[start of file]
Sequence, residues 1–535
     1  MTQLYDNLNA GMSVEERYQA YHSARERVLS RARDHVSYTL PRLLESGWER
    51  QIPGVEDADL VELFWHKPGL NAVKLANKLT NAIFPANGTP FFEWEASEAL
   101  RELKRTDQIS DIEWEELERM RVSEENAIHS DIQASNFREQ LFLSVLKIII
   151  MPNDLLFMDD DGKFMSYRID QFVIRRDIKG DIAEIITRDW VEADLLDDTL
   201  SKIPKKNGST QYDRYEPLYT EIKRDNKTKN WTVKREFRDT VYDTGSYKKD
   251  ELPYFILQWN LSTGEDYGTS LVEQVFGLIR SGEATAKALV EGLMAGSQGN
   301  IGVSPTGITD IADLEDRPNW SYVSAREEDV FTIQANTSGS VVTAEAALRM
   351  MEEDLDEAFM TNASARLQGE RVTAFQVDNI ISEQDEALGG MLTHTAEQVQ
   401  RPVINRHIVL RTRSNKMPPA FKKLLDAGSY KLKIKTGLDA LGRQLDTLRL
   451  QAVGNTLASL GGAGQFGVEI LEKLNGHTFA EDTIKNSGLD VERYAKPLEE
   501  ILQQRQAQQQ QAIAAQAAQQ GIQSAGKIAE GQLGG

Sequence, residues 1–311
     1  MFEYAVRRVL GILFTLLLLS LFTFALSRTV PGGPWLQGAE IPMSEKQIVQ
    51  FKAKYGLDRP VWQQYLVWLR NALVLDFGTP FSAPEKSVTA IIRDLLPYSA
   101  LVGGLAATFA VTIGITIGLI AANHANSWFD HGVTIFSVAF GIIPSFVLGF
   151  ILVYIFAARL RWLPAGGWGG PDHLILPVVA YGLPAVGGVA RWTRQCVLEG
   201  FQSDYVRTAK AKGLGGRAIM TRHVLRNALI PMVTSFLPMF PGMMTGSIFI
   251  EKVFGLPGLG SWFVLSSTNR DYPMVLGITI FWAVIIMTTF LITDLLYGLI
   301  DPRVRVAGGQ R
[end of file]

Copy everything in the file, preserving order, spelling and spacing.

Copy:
Sequence, residues 1–535
     1  MTQLYDNLNA GMSVEERYQA YHSARERVLS RARDHVSYTL PRLLESGWER
    51  QIPGVEDADL VELFWHKPGL NAVKLANKLT NAIFPANGTP FFEWEASEAL
   101  RELKRTDQIS DIEWEELERM RVSEENAIHS DIQASNFREQ LFLSVLKIII
   151  MPNDLLFMDD DGKFMSYRID QFVIRRDIKG DIAEIITRDW VEADLLDDTL
   201  SKIPKKNGST QYDRYEPLYT EIKRDNKTKN WTVKREFRDT VYDTGSYKKD
   251  ELPYFILQWN LSTGEDYGTS LVEQVFGLIR SGEATAKALV EGLMAGSQGN
   301  IGVSPTGITD IADLEDRPNW SYVSAREEDV FTIQANTSGS VVTAEAALRM
   351  MEEDLDEAFM TNASARLQGE RVTAFQVDNI ISEQDEALGG MLTHTAEQVQ
   401  RPVINRHIVL RTRSNKMPPA FKKLLDAGSY KLKIKTGLDA LGRQLDTLRL
   451  QAVGNTLASL GGAGQFGVEI LEKLNGHTFA EDTIKNSGLD VERYAKPLEE
   501  ILQQRQAQQQ QAIAAQAAQQ GIQSAGKIAE GQLGG

Sequence, residues 1–311
     1  MFEYAVRRVL GILFTLLLLS LFTFALSRTV PGGPWLQGAE IPMSEKQIVQ
    51  FKAKYGLDRP VWQQYLVWLR NALVLDFGTP FSAPEKSVTA IIRDLLPYSA
   101  LVGGLAATFA VTIGITIGLI AANHANSWFD HGVTIFSVAF GIIPSFVLGF
   151  ILVYIFAARL RWLPAGGWGG PDHLILPVVA YGLPAVGGVA RWTRQCVLEG
   201  FQSDYVRTAK AKGLGGRAIM TRHVLRNALI PMVTSFLPMF PGMMTGSIFI
   251  EKVFGLPGLG SWFVLSSTNR DYPMVLGITI FWAVIIMTTF LITDLLYGLI
   301  DPRVRVAGGQ R